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MTA announces winners of Genius Transit competition

The winners' proposals will be "throughly vetted and further developed as quickly as possible," MTA officials said.
Photo – MTA


The Metropolitan Transportation Authority (MTA) late last week unveiled eight winners of the MTA Genius Transit Challenge, a competition that called for new ideas to fix New York City's subway system.

The winners were collectively awarded $2.5 million in prize money for their submissions. MTA held the competition as soaring ridership continues to strain the subway system's aging infrastructure.

All the winning ideas will be "throughly vetted and further developed as quickly as possible," subject to approval from MTA's board, agency officials said in a press release.

Winners in the competition's signals category included Metrom Rail and transportation engineer Robert James, who submitted proposals to use ultra-wideband wireless technology for signaling systems.

Other winners in the signals category were Ansaldo STS and Thales Group, who separately proposed using onboard sensors and cameras for train positioning to eliminate the need for "cumbersome wayside equipment," MTA officials said in a press release.

Winners in the subway car category included Chinese rolling-stock manufacturer CRRC Corp., as well as CSinTrans and lawyer Craig Avedisian.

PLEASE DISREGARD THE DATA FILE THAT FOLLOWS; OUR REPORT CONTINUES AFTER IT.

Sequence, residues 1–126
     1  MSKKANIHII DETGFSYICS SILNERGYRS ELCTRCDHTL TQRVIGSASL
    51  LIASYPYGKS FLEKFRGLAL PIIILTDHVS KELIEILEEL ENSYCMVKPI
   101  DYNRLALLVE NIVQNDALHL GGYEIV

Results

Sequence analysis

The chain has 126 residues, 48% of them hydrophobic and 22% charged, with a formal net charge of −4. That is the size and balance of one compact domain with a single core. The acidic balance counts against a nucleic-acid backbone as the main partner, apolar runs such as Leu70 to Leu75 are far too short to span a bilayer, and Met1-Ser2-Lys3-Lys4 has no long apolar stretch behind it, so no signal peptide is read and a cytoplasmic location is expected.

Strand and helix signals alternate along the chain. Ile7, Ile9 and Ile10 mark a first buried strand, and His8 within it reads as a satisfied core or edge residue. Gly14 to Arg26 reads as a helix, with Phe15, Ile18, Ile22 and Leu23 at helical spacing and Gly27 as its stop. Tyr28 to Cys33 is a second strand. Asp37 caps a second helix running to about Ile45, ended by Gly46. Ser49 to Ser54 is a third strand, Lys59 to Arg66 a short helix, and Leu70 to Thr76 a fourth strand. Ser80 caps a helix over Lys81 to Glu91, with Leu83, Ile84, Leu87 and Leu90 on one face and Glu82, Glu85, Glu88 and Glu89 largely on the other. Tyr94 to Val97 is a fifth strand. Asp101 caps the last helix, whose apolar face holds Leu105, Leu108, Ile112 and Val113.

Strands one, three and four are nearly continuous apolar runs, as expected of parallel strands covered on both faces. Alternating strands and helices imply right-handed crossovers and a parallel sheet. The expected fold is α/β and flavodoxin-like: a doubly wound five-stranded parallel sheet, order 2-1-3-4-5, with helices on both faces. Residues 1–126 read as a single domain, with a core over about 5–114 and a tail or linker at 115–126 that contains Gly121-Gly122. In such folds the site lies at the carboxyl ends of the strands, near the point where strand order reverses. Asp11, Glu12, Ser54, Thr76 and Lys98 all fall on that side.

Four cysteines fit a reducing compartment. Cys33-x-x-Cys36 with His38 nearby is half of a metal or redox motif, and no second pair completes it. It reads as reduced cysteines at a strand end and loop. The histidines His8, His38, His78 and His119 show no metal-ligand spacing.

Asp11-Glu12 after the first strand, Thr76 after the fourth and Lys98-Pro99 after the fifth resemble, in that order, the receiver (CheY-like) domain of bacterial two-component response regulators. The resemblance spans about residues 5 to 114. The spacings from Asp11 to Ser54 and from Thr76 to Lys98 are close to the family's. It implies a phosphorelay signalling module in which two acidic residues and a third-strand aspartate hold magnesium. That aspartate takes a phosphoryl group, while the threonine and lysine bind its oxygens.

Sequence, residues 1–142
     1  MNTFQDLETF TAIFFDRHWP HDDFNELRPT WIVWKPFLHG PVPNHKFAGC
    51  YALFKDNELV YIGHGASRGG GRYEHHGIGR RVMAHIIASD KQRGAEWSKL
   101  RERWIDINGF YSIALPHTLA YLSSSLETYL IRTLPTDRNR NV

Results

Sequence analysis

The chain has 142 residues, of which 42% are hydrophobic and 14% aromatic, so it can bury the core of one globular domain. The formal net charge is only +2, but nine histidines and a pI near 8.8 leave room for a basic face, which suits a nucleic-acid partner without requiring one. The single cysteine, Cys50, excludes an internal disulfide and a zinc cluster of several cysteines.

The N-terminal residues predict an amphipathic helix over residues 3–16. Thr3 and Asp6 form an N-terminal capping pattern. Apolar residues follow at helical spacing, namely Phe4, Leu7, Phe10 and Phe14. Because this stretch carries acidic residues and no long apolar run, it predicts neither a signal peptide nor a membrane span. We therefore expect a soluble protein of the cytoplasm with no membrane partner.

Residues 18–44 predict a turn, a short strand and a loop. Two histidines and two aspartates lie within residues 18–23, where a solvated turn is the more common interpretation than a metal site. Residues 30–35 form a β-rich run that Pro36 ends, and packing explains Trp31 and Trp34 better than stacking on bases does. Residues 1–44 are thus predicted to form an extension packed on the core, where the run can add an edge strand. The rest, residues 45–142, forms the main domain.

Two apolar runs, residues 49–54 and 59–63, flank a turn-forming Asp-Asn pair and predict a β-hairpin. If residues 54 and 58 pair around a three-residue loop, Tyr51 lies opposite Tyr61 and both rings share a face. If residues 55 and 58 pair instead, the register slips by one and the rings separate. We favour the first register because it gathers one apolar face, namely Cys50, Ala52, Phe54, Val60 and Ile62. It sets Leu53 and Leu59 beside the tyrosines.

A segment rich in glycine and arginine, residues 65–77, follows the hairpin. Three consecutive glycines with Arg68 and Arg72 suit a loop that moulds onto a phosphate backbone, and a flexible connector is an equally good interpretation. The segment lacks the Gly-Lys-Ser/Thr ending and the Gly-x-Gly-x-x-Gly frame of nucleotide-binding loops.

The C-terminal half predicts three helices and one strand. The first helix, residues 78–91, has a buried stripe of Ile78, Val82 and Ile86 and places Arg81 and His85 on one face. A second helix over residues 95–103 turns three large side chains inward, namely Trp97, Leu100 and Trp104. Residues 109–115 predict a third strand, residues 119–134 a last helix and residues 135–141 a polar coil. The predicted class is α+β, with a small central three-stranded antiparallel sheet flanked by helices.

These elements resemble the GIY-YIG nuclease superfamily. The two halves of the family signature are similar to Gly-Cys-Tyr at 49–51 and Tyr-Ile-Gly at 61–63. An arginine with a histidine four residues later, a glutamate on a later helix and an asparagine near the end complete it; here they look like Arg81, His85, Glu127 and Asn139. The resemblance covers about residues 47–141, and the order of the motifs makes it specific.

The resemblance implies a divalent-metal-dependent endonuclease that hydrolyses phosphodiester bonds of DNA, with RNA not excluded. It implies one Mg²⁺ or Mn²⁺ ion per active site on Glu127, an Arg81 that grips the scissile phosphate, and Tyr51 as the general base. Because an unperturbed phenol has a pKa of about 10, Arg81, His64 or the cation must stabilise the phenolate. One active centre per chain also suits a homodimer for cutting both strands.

Each winner proposed "radically new approaches to loading guidelines" for new subway cars, MTA officials said.

Finally, Bechtel Innovation won in the communications and control technology category. The company proposed a semi-automatic robotic system to install communications and control infrastructure in the subway tunnels.

Bechtel plans to reinvest its $500,000 cash award from the competition to a dedicated internal group that will work with MTA to develop specifications for such a robotic system.

"People from around the world delivered groundbreaking solutions that truly represent a new wave of innovation for the MTA, and we are more excited than ever about the future of New York subways,” said MTA Chairman Joe Lhota.

Contact Progressive Railroading editorial staff.

More News from 3/12/2018